Of George Durant very little is known before his arrival in Perq Co, but it is an undisputed fact that he landed in Va before 1658. He made deposition in Northumberland Co Va, July 1658, that he “came to Virginia in the ship Potomack, age 25 years.” As this book is very much faded with age, all of this statement can not be deciphered. (Northumberland Co record, 1658-66. Archives Richmond Va.) In Berkeley Parish Reg Perq Co, his marriage is given as follows: “George Durant and Ann Moorwood was Married the 4th of January 1658/9, By Mr David Lindsey, Minister of gospel and was Licensed by Mr George Cowbough Magistrate, in Northumberland County Verginia.”
He had several grants for land in Va. prior to coming to N. C. One of these 400a in Lower Norfolk Co, on East side of North River, Sept 30, 1670, by Sir William Berkeley, for trans’ fourteen persons, and another grant by same authority, on same date, 700a on East side of North River, “which falleth in to Corotock” adj Thomas Tullies land, in what is now Currituck Co N. C. Prior to this date he had taken up land in Perq Co, and was already settled in what is called to this day, “Durants Neck.” This deed, or grant from the Indian Chief Kilcocanen, King of Yeopim, for all the land between the River Perquimans, & Roanoke Sound, March 1, 1661, where he had seated a Plan’ before Aug 4, 1661. In the second conveyance of the Indian King he spelled his name Cuscutenew, but they are supposed to be one & the same person, and it was the usual procedure at that time, to spell a name just as it sounded to the copiest. This deed is found in Deed book A, No 374, and has as Test’ Thomas Weymouth, & Caleb Calleway. Thomas Weymouth was a great navigator, and adventurer, sailing with Capt Pring, and he was among those who started out in 1603, in search of the ill fated colony on Roanoke Island.
How he came to be in Albemarle at this time is not explained. Caleb Calleway was of course already settled in the Province. This deed of the Indian King to sd Durant, is the oldest recorded document in North Carolina. If there were older records they were all destroyed in the uprising of 1677/79. Fifty-five years elapsed between the making of the deed by King Cuscutenew, and its recording on the books in the Reg Office, which was done by John Stepney “Reg of all writings for Perq Precinct” Oct 24, 1716 George Durants Plan’ was known by the name of “Wicocombe” and was situated between “two Rivers, Perquimans, & Kototine” (Little River). According to the record George Durant seems to have been a fair minded man, and quite honest in his dealings with both the Indian Chief, and George Catchminy, who set up a counter claim for said land, claiming a prior right, by a grt from Sir William Berkeley, therefore Mr. Durant, “who had cleared a small Peice of Ground,” at once “desisted” on hearing the contention of sd Catchmaid, who on Mar 13, 1662 made a bona fide deed to sd Durant for the disputed land. Later the Lords Pro’ made a secure deed to Mr. Durant for this land, Dec 26, 1673. No man with the exception of Timothy Clare, is more often, or more honorably mentioned in Perq. He stand out, virile, hardy, opinionated, with a following of all faiths, and from the records died much respected in the community. Some have classed him as a Quaker, but the records do not verify that fact. He was certainly married by an Episcopal Minister (Rev David Lindsey) and his children all but one (Deborah) m into Episcopal families. Not once is his name mentioned in the Quaker records, nor are the ages of any of his children recorded there. It is the opinion of many that he was a Scotchman, and therefore of Presbyterian faith, but his Church affiliations in Perq are uncertain. From the records he appears to have come from London to America. Exactly where this renowned man lies buried is shrouded in mystery. It is said his grave was once to be seen on the bank of a large drain, in Durants Neck, and that in cutting out the ditch, mud from the bottom was thrown out over it, until it disappeared. In the will of William Sherrell, Perq Co, George Durant’s place of residence is named as “Berty Point,” and the deeds in Perq speak of his “seating” being on a “Point which divides sd land from a Neck called Langleys.” His house has long ago disappeared, and even the location is now in doubt. There can be small doubt, however, about its being in the lower part of Durants Neck somewhere near the village of Little River. (See N. C. Hist & Gen Reg, for this family.)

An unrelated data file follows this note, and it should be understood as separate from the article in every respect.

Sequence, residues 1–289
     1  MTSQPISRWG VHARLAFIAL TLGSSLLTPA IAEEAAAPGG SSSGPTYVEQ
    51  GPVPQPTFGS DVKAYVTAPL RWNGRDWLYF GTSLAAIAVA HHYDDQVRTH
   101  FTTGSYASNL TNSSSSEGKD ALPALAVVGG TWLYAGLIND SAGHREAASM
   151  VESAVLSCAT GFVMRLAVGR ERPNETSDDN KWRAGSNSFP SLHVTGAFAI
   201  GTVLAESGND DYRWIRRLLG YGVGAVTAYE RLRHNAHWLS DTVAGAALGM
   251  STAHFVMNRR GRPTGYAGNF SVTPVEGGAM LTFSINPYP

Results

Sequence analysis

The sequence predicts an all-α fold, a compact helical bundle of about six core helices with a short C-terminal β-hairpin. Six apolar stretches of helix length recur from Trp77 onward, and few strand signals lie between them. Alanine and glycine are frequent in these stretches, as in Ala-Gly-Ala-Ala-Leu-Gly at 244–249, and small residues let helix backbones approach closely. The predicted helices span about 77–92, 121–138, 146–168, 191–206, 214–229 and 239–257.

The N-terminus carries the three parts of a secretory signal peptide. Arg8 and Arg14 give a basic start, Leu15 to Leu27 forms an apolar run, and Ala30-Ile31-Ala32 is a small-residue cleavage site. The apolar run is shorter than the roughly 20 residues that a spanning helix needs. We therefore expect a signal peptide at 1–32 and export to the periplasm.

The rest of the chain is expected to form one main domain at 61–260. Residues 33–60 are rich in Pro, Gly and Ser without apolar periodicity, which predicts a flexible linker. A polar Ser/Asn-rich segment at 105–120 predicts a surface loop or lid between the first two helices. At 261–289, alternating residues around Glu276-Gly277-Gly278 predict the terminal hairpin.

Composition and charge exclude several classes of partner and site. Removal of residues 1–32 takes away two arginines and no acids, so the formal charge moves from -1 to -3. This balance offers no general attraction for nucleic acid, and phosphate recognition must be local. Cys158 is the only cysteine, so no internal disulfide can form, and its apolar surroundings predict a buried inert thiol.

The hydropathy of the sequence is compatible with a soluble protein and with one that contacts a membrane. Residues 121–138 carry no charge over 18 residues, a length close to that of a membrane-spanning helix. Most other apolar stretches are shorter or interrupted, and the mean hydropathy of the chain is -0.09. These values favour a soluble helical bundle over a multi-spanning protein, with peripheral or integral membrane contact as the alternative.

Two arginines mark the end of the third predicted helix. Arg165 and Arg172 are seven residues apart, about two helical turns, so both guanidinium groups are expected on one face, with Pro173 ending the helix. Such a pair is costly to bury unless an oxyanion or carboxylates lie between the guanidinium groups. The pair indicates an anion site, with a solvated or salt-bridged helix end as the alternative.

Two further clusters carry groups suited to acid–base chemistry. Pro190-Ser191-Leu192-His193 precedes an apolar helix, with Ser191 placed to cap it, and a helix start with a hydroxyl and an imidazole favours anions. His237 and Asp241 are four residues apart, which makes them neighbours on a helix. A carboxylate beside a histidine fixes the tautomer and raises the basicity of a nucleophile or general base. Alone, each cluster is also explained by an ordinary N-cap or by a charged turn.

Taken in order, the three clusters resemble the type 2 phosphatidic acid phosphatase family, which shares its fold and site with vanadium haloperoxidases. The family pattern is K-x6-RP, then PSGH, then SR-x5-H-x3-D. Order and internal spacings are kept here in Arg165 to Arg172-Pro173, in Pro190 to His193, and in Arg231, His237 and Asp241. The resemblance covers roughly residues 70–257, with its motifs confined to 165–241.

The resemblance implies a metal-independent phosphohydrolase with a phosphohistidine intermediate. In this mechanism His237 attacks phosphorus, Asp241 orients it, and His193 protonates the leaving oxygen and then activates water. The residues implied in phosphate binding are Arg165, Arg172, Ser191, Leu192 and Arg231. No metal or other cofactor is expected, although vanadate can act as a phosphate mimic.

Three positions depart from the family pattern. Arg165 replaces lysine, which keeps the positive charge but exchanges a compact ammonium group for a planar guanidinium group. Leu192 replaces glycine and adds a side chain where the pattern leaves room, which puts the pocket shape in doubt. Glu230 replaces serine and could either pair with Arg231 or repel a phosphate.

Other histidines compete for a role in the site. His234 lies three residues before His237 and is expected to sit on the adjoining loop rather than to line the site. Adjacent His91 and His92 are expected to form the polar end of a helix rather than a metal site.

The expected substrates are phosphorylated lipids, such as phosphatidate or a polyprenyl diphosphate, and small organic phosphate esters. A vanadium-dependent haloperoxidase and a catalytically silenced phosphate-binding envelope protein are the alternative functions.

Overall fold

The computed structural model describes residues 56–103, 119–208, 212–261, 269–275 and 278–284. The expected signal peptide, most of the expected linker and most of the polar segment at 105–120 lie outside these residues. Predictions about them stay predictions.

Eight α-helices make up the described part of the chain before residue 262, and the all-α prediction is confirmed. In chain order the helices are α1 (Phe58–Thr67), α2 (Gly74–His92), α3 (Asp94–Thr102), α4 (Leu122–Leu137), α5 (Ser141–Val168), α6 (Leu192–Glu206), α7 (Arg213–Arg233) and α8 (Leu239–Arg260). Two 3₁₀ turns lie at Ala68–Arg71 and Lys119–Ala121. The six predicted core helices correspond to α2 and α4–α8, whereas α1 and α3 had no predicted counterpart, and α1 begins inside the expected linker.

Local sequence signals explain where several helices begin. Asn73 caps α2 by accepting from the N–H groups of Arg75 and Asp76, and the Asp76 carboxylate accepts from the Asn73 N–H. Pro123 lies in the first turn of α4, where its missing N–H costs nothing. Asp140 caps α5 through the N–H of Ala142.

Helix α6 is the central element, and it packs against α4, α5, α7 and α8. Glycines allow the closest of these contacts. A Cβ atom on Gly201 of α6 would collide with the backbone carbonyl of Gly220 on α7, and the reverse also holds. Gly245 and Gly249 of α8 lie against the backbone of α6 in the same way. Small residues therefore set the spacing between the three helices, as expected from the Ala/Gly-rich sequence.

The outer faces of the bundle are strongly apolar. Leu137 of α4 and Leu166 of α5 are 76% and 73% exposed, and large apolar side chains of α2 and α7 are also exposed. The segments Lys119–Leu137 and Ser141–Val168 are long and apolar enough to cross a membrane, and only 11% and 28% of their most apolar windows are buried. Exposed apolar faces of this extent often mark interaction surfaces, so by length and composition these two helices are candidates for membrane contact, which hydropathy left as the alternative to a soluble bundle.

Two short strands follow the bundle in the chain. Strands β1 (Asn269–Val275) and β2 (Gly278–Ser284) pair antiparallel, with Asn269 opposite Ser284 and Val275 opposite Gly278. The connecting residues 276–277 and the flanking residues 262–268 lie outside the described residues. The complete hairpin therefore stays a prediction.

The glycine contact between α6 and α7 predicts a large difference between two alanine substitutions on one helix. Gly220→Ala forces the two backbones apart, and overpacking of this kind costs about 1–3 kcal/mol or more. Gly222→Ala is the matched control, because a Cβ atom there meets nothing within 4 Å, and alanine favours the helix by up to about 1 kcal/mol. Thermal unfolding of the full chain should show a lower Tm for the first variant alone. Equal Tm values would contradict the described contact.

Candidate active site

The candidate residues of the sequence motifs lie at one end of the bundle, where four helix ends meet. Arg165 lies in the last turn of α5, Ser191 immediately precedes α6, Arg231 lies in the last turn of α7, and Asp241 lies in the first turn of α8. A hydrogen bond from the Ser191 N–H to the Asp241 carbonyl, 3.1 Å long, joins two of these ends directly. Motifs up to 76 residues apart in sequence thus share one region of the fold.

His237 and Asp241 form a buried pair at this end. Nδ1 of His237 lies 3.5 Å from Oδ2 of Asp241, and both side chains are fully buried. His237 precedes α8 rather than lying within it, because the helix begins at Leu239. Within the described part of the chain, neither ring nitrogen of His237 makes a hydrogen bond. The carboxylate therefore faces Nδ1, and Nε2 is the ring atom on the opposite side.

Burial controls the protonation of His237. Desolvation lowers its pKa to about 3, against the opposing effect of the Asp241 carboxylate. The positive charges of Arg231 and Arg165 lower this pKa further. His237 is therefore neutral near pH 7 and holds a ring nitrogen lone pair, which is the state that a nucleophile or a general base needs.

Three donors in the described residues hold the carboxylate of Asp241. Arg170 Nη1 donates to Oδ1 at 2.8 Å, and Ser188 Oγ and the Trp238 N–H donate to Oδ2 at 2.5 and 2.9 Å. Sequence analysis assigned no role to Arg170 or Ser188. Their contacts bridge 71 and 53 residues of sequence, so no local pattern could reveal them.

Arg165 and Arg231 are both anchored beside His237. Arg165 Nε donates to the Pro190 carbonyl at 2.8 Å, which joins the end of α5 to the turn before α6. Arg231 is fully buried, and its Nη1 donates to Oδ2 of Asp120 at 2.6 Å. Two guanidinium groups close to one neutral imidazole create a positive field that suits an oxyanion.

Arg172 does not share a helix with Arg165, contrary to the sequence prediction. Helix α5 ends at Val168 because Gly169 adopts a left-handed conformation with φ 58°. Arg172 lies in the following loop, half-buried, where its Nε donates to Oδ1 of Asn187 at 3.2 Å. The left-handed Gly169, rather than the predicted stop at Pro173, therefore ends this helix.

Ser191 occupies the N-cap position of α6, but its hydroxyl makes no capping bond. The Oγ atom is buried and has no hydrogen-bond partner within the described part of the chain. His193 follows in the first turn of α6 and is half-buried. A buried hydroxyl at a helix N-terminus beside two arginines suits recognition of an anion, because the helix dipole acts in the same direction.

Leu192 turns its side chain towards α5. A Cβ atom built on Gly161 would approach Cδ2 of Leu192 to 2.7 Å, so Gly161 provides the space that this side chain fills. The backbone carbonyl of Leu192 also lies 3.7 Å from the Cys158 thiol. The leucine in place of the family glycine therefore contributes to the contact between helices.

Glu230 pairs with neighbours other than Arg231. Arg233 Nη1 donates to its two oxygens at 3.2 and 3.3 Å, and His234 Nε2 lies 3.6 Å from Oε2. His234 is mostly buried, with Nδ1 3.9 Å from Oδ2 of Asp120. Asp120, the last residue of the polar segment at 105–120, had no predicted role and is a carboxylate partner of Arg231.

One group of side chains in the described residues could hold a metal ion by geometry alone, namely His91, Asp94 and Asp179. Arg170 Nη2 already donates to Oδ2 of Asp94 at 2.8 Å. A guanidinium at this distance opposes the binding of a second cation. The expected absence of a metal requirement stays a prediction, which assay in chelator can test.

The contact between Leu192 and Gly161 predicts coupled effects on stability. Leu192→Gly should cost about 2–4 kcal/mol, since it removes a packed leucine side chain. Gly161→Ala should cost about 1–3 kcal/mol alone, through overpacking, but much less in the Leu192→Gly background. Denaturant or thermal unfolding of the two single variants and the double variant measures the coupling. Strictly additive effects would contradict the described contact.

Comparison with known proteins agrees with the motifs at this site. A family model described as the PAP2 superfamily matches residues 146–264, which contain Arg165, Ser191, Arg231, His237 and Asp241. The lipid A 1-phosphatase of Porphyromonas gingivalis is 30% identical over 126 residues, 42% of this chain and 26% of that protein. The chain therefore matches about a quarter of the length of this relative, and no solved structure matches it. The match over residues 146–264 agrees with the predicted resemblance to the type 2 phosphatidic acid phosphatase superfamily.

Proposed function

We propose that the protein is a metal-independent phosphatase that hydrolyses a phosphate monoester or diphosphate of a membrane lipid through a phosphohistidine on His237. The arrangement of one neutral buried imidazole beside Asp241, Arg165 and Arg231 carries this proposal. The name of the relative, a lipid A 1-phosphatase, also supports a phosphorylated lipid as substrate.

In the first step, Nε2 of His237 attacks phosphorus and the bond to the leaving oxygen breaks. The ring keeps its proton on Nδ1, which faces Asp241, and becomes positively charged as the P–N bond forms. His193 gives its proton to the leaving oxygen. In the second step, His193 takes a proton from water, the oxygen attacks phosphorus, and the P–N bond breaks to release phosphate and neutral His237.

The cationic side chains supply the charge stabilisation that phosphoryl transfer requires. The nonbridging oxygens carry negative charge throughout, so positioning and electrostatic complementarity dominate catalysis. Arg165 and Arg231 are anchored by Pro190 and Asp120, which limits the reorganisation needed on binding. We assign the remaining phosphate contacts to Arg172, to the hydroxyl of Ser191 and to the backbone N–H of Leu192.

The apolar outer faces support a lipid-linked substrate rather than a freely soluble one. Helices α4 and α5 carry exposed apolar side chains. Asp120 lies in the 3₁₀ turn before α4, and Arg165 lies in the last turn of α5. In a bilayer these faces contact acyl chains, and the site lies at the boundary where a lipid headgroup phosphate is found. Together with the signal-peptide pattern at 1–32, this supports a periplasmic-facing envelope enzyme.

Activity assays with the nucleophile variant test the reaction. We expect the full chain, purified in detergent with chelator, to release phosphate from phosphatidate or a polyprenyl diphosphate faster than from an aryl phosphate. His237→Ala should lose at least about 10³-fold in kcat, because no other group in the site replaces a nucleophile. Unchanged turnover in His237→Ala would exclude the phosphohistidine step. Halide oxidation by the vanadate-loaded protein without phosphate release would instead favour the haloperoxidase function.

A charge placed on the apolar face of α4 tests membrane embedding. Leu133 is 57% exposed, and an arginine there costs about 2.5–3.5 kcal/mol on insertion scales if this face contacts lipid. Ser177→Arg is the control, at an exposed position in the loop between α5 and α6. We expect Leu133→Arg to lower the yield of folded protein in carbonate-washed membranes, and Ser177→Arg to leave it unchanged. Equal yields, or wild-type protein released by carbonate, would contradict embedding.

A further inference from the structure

Source: History of Perquimans County by Ellen Goode Rawlings Winslow, (1931).